Subject: Re: A NEW TOPIC
From: Susan Stewart <susan -at- AVALANCHE -dot- COM>
Date: Wed, 28 Apr 1993 15:06:43 -0600


I've been a technical writer for about 5 1/2 years and I've
worked for three companies (two very small, one mid-size).
I think I've been fortunate that I haven't really encountered
much gender discrimination. I have, however, been very frustrated
at times by intellectual discrimination on the part of engineers.

One (female) engineer actually stood in a room full of tech
writers and said that we deserve to be paid less than engineers
because the engineers had gone through a "harder" program in
college. She added that if we'd been smart enough to get into
an engineering program, we'd deserve salary parity. Still brings
me to a boil even though this happened at the beginning of my

The company I work for now really believes that documentation
is an integral part of the product, so I have the luxury of
being (and being treated as) a member of the design and
development team. There *are* good situations in the field.

I've tried the following stuff (with some success) to improve
less-than-ideal situations. Maybe they'll help you.

* Think of yourself and present yourself as a competent professional.
I think a big part of this is making sure the people you work with
know what you do.

* Treat your co-workers as competent professionals, even when
they don't seem to deserve it. If you understand something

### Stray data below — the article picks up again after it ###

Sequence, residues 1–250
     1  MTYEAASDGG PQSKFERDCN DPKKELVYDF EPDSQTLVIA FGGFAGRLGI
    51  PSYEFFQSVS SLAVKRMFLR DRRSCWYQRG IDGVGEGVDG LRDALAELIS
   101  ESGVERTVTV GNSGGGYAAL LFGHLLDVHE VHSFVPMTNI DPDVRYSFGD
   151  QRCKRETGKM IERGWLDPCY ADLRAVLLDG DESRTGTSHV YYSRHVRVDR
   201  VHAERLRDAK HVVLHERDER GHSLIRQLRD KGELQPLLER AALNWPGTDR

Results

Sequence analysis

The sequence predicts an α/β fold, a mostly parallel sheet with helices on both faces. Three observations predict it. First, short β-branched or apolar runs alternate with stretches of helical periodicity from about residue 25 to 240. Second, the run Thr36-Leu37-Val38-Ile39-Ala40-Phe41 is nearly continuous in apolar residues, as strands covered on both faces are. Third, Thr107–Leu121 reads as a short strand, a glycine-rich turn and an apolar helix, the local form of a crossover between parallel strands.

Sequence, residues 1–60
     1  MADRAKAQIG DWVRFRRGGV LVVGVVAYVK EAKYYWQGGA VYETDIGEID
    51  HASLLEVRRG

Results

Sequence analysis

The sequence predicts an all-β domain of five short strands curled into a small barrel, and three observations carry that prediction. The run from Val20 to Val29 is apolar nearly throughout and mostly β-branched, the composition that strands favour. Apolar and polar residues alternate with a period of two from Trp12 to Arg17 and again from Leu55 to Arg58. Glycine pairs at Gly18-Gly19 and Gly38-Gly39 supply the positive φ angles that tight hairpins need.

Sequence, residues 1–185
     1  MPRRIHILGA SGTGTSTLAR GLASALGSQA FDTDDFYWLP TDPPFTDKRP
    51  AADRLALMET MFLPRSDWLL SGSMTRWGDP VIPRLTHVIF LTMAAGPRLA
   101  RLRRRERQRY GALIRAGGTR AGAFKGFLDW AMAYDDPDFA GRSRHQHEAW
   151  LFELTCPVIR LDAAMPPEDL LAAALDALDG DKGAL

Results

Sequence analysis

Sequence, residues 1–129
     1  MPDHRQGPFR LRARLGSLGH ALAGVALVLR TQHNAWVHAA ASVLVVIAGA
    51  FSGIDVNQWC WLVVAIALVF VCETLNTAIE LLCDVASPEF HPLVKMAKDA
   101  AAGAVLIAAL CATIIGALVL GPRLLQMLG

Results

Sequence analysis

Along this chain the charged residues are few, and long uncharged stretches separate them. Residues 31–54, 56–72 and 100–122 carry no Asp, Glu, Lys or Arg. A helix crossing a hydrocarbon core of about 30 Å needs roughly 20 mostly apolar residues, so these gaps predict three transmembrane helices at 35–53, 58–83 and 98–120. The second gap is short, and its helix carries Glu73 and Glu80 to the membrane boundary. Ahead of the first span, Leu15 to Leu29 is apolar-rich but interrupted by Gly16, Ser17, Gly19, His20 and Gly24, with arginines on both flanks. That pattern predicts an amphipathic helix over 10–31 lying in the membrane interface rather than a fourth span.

about their job and their background, you'll have some idea
about why they treat you the way they do. Although you're
bound to run into the occasional major-league horse's patoot,
many of those who discriminate against you are unaware of
what's involved in being a tech writer. If they're uninformed,
educate them. If you don't know what they do, ask. Respect ought
to be reciprocal.

* Express an interest in what the your co-workers are working
on. This is useful because: 1) you'll probably have to document
it 2) people enjoy talking about themselves and their work 3) it
gives you a good opportunity to explain how what you're working
on relates 4) it's an easy way to establish communication.

* Try not react defensively. This one is tough.

* Acknowledge and reward positive behavior and refuse to accept
inappropriate behavior. If someone offends or belittles you, say
so -- stand up for yourself.

I don't usually go on at such length (in such a righteous tone)
but it's so *easy* to give advice.

One last idea... The next time someone treats you badly, ask
them, calmly and directly, why. I've had pretty good luck with
this tactic as I've gotten older and less patient. Be prepared to
explain why you object and how you would prefer to be treated. Also
be prepared to negotiate.

Good luck,

Susan Stewart
susan -at- avalanche -dot- com

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